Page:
Diff? Well.....ummm....one is dead, and one isn't. Actually I believe it goes a little deeper than that. Food. Things are easier to mentally digest (HAHAHA) when they are food. They are dead, and they are meant for consumption. There meats are not going to waste, so i don't particularly see a problem with eating a captive bred animal. Not endangered. besides, by keeping an animal you don't know about for decoration, you are putting that animal at risk, and could be putting it in a particularly harmful situation, and since it is alive it is wrong. I believe I don't find this highly unethical because while the intent was stupid, the actions didn't hurt anything. That is an unusual stance for me because I often find myself more dependant on intent rather than action, but morals are a very confusing ground so there is little point into thinking about it way too much....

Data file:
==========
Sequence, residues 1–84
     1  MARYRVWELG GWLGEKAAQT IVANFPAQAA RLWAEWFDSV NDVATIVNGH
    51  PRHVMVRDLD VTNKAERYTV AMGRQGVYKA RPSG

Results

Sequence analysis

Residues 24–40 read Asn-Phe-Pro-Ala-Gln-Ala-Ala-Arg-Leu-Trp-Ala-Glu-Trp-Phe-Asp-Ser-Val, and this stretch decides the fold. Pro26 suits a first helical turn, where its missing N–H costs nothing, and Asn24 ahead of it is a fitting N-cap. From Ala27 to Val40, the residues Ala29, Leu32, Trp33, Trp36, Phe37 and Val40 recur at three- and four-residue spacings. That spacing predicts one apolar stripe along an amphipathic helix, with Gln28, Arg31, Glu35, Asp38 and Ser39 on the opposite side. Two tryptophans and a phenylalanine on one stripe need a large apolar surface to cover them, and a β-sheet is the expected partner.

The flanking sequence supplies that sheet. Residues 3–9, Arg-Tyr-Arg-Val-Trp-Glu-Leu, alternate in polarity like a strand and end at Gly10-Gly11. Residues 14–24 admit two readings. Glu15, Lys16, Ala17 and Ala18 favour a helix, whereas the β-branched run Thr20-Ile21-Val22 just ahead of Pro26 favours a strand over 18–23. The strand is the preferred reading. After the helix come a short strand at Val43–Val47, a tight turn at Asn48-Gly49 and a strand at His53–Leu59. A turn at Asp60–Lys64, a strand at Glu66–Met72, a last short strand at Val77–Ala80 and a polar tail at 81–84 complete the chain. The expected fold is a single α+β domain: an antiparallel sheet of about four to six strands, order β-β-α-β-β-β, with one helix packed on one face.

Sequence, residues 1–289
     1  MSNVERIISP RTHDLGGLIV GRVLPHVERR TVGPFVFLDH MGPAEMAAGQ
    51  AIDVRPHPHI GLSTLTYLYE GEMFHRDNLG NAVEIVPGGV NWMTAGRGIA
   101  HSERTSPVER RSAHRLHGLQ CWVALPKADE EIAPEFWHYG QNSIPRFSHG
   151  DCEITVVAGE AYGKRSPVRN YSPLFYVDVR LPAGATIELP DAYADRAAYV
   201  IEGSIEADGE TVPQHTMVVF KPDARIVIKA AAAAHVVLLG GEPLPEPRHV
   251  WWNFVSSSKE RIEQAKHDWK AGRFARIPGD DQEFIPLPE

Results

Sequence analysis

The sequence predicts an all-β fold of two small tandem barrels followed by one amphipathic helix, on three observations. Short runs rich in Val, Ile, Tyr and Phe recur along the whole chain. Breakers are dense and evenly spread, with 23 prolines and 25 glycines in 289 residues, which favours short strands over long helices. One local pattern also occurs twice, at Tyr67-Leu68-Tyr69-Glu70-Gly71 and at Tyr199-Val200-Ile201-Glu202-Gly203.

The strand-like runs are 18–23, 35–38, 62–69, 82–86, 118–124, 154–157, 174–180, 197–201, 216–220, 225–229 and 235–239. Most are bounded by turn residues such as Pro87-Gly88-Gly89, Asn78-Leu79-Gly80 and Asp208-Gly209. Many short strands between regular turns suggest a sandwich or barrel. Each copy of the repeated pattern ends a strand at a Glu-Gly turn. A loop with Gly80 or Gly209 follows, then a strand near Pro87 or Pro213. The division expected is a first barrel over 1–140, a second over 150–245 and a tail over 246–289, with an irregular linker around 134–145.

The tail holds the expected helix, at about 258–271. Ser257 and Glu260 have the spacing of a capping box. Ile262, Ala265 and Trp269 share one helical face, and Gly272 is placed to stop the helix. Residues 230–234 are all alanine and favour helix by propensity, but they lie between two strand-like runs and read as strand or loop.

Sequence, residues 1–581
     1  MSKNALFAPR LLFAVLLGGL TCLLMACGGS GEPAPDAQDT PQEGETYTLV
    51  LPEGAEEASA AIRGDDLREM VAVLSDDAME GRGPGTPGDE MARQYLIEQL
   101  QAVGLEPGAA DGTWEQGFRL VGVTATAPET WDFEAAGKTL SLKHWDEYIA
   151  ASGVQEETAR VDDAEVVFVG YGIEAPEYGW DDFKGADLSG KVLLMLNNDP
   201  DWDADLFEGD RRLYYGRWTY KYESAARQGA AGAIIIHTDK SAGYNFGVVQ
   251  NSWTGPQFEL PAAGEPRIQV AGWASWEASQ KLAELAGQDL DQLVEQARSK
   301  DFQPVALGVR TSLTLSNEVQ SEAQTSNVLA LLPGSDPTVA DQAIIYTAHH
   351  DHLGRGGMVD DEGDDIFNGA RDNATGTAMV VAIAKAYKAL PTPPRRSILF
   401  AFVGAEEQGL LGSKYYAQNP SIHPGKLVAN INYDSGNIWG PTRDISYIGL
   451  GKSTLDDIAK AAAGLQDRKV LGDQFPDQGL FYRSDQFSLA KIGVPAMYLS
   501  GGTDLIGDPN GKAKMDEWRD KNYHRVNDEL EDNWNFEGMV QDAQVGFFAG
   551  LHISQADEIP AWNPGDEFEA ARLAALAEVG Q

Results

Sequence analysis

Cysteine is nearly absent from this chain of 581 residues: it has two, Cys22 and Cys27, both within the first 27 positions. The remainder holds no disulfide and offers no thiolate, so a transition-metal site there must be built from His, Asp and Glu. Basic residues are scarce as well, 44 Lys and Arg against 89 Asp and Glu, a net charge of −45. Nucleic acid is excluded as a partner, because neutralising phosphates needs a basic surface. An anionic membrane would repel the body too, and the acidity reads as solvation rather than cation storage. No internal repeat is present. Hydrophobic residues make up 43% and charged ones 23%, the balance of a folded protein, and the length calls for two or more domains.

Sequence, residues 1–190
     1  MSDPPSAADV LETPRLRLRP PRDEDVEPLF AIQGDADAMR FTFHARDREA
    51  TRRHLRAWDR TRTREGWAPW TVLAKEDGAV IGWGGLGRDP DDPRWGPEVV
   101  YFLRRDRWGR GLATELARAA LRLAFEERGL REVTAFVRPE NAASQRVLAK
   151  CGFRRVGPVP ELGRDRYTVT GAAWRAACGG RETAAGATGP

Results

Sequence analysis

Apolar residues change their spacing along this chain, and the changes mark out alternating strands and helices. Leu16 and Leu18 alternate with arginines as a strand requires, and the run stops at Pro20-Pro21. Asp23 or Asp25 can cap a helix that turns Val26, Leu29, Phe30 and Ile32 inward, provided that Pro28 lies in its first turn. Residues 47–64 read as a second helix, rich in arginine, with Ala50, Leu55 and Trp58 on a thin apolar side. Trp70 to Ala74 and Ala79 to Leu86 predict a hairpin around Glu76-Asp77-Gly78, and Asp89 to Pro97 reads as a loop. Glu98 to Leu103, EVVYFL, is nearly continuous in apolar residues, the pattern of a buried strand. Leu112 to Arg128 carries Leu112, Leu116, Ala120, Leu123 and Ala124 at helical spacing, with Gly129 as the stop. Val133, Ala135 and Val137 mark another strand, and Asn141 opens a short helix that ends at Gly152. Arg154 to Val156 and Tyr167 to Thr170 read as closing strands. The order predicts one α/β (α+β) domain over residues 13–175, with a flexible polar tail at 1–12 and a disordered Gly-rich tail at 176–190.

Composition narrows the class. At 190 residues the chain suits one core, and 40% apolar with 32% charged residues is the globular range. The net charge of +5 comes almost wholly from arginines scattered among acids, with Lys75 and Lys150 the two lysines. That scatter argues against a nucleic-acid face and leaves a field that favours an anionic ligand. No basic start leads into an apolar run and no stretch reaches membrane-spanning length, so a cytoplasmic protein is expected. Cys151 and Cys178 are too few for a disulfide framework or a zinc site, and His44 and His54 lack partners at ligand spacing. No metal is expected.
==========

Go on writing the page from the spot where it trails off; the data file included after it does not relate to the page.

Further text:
Dan
 

Thales

Colossal Squid
Staff member
Moderator
#9
The animals we eat weren't always dead, and they way they are kept until they are killed seems exponentially more disturbing than what was proportedly done to the cuttlefish above. They way food animals are killed leaves a lot to be desired as well. It is also worth mentioning that the amount of food that is thrown away after a big party is massive, which means that lots of animals are going to waste.

As a society we tend ignore what happens to billions of food animals because we really want to eat them cheaply while we focus on what does happen to a few more visible animals. It seems to me that if its ok to treat captive bred food animals so terribly, then it seems it should be ok to treat other captive bred animals less terribly (and this is avoiding the entire discussion of using captive bred cephs as research animals or the million plus domestic dogs and cats that are killed each week and then destroyed).

It think ethics discussions are critical to the world as a whole and I don't think they happen enough. I think that ethics can be confusing and there is great benefit to the world in thinking about it too much, but thats my education talking. :D